SSRS with a FQDN
I had the need to set up a SQL Server Reporting Services instance with a fully qualified domain name (FQDN). The server worked fine when accessed simply by the machine name:
Running on the actual server, I was able to see the reports without any credential entry required.
But when a DNS entry was added pointing to the IP address:
an endless loop of authentication dialogs was presented that seemingly ignored any credentials that were entered.
We are running SSRS and SQL Server as domain service accounts.
Kerberos vs NTLM
When accessing the server with just the machine name it is considered “local intranet” or similar and uses NTLM for authentication.
When the FQDN is used it switches to Kerberos so some additional config is needed. The Microsoft docs explain that we need a SPN to make this work:
If you are deploying Reporting Services in a network that uses the Kerberos protocol for mutual authentication, you must create a Service Principal Name (SPN) for the Report Server service if you configure it to run as a domain user account.
What SPNs to add? Download and run the Kerberos Configuration Manager.
This would show the missing SPNs, and provides a script to add them. We maybe went a bit overkill in trying to work out what was required
SetSPN -s "MSSQLSvc/machinename.domain.net:INSTANCE_NAME" "DOMAIN\SVC_ACCOUNT" SetSPN -s "MSSQLSvc/machinename.domain.net:PORT" "DOMAIN\SVC_ACCOUNT" Setspn -s http/machinename.domain.net "DOMAIN\SVC_ACCOUNT" SetSPN -s http/machinename "DOMAIN\SVC_ACCOUNT" SetSPN -s http/machinename.domain.net:443 "DOMAIN\SVC_ACCOUNT" SetSPN -s http/reports.nicedomain.net "DOMAIN\SVC_ACCOUNT" SetSPN -s http/reports.nicedomain.net:443 "DOMAIN\SVC_ACCOUNT"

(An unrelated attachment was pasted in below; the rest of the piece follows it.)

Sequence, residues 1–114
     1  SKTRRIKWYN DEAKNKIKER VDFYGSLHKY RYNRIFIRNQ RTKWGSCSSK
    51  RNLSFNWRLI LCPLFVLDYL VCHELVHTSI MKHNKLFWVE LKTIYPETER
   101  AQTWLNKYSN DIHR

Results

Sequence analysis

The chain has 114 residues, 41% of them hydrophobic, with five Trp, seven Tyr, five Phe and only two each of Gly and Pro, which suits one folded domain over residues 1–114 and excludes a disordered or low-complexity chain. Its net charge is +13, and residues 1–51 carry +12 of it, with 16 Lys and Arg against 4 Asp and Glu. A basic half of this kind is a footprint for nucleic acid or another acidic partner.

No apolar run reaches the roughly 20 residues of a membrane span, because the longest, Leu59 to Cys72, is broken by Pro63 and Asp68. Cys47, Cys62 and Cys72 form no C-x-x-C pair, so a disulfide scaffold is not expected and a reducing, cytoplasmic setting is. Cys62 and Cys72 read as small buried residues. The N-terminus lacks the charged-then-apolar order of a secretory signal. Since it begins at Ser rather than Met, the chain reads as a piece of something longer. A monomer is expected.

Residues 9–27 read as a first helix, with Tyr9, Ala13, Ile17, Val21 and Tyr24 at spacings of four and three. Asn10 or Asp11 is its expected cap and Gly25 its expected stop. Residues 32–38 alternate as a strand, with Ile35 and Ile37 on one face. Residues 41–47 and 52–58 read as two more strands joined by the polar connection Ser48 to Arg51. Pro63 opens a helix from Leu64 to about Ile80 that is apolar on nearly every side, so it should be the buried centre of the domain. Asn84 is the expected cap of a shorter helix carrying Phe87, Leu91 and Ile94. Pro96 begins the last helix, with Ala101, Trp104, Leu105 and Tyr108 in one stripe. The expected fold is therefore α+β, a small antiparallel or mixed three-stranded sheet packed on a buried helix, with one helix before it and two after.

This needs to be done by a domain admin.
The service account also needs some Kerberos delegation - I think this solves the double-hop problem where SSRS needs to pass the user credentials onto SQL Server.
In the Active Directory config for the user (once again by a domain admin):
Once this is verified to work the delegation can be limited to a less privileged level.
Kerberos Configuration Manager will then show the Delegation is correct:
On the SSRS server need to edit
RsReportServer.config, probably at
C:\Program Files\Microsoft SQL Server Reporting Services\SSRS\ReportServer so that
<RSWindowsNegotiate /> is the first entry in the authenticationtypes section:
To enable the SSL domain we need a certificate created and imported into the server. Then on the SSRS server open Report Server Configuration Manager and in the Web Service URL and Web Portal URL sections add the binding:
Reboot and hopefully all the Active Directory stuff has propagated. If it’s all working, the default machine name port 80 binding can be removed.
This was all far more than I ever wanted to know about SSRS and Kerberos!
Some tips were gained from: